Germany

Appellations

Ahr

Ahr is one of Germany’s least-known and northernmost wine regions. It lies immediately north of the Mosel, and follows the Ahr River in the final stages of its journey towards its confluence with the mighty Rhine. One might expect a wine region this far north (50°N) to specialize in white wines – like almost every other cool-climate wine region. After all, neighboring Mosel and Mittelrhein both clearly favor white wines (around 85%). But Ahr turns the tables completely, producing around 85% red wines, of which around three-quarters are made from Spätburgunder (a.k.a. Pinot Noir). The classic Ahr Spatburgunder is brick-red in color and smells of red cherries, sweet spices, forest floor, possibly with a hint of smoky bacon fat if barrel-aged.
Perhaps the most important feature of Alsace is the looming presence of the Vosge mountains to the west of the region, a source of shelter from the wind and who's slopes provide the south, south-west and south-easterly facing vineyards which which to make most use of the suns rays. Due to the huge variety of soil types and terroirs to be found in the region Alsacian growers tend to produce a variety of different wines and cuvees from the dry and refreshing to some of the world's richest and most engaging late picked Vendage Tardive wines. Riesling, Gewurztraminer, Pinot Gris, Pinot Blanc and Sylvaner are all highly successful and most can and are made to varying levels of sweetness.
Baden is a tough region to generalise about. Made up of nine distinct districts and spanning over 250 miles it goes without saying that climate, soil type and topography varies greatly. However, Baden is without doubt the heartland of Germany’s Spatburgunder plantings. Particularly fine examples are found around the Kaiserstuhl, thanks to a clement climate and limestone soils. David Schildknecht, contributor to the Oxford Companion to Wine, feels that particularly around Freiburg and Breisgau, the “higher proportion of calcerous soils promotes firm fruity acidity resulting in Pinot Noir that marries richness with vivacity, and whose virtues have become increasingly evident over the past two decades.” Standout sites from this part of Baden include Malterdingen, Mundingen, Kondringen and Hecklingen. White wines tend to be enjoyably fruity and simple in style, produced in the main from Weisserburgunder, Grauerburgunder and Muller Thurgau. As the reputation of Baden’s Spatburgunders has steadily grown, quality conscious young winemakers have regularly visited, and taken inspiration from, their Burgundian counterparts. In recent years that has meant starting to experiment with new winemaking techniques, vineyard practices, and sources of clonal material in an effort to further hone their style. The Bernhard Huber estate, now run by the ambitious Julian Huber, is a five-star producer in the region.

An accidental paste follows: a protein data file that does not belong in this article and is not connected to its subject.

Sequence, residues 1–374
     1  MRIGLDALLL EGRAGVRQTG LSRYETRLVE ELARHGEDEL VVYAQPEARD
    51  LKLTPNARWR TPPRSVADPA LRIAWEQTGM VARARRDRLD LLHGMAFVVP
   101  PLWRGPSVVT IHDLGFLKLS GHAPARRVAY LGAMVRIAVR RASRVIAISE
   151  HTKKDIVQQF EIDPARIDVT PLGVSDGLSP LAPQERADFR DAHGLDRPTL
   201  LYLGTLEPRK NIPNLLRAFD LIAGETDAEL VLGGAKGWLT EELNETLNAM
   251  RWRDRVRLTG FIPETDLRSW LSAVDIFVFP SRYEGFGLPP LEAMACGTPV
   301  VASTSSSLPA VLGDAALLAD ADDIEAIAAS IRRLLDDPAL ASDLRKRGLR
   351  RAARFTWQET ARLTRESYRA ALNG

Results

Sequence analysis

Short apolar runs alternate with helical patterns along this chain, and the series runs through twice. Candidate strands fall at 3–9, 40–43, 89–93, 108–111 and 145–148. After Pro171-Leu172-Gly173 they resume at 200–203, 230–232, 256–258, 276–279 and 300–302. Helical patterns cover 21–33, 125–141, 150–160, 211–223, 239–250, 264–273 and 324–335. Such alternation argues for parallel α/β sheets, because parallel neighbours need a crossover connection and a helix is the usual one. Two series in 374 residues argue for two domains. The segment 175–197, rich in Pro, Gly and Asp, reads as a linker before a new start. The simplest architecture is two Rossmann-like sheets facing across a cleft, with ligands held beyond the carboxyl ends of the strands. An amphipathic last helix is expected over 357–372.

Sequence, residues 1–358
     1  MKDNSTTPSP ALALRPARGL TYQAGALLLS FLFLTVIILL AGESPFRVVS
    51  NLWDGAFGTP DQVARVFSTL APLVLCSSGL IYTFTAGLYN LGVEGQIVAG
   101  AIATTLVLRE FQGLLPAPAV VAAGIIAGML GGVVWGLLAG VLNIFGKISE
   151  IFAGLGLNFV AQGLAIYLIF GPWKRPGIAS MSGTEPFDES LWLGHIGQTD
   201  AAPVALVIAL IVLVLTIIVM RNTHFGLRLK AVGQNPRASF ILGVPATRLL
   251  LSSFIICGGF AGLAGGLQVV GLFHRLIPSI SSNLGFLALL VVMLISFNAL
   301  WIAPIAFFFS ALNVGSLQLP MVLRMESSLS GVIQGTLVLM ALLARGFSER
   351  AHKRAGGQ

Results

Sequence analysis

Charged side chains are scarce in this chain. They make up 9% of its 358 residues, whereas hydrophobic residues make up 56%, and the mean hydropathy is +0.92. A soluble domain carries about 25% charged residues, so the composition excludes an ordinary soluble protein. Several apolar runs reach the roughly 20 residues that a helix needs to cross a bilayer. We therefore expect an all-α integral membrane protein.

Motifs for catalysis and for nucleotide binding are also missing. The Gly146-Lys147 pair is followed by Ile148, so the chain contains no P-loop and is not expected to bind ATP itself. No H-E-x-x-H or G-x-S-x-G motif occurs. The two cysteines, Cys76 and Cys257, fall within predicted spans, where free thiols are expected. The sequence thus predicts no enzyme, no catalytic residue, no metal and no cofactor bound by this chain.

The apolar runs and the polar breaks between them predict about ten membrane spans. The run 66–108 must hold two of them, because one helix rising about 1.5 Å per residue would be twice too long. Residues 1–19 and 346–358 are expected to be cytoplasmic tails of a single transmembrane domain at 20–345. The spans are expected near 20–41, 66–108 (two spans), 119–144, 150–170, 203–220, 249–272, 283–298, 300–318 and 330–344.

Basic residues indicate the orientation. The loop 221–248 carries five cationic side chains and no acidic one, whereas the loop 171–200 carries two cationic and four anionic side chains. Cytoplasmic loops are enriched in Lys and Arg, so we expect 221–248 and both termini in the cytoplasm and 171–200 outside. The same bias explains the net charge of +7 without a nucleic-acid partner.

Home to Horst Sauer, Franken lies in central Germany and was traditionally known as the centre for Germany's most serious Silvaner production. In the hands of Horst Sauer both Silvaner and Riesling are capable of producing excellent wines with greater power and structure than those found in the Mosel. Trocken wines are most common and can have superb intensity when produced here, but the BA's, TBA's and Eisweins, when produced are not to be missed.
The vineyards along the steep sided banks of the Mosel river, part of the region known as the Mosel-Saar-Ruwer, are known for being some of the hardest vineyards in the world to work (due to their steepness) and home to some of the finest white wines in the world. Riesling is king in this cool region that follows the twists and turns of the River Mosel providing myriad different terroirs and vineyard aspects.
The Nahe comprises vineyards that occupy each bank of the river Nahe, to the south of Mosel-Saar-Ruwer. The wines are often characterised by spice, red apple notes and intense minerality, and in the hands of producers like Hermann Donnhoff can be some of Germany's greatest wines.
Formerly known as the Rheinpfalz, this region has 59,000 acres under vines. Rich wines reflect the warm climate of the south of Germany.
7,700 acres along the northern side of the Rhine between Wiesbaden and Rüdesheim where the Riesling produces classic and substantial wines.
The Rheinhessen lies with the crook of the Rhine to the north and east, the Nahe to the west, Pfalz to the South and the Rheingau to the North over the river. Keller crafts his fabulous dry, fruity and sweet wines here, where the vines produce more generosity and richness than in the Mosel-Saar-Ruwer or even Nahe.
The Ruwer is a mere stream leading into the meandering Mosel, but a mere stream flanked by steep slopes of red and blue slate and riesling vines. The coolness of the area means that all but the most quality conscious growers can achieve ripeness year in year out, but those that do are able to fashion some of the most delicate examples of Riesling to be found.
Nearly all the quality vineyards of the Saar face south, in an effort to counter the cold weather by harvesting as much sun as possible to achieve ripeness. These are perhaps the steeliest of all the wines found in Mosel-Saar-Ruwer, but this combination with the marked acidity means that when on song, the balance between acidity and late harvest honeyed ripeness found here can be unbeatable.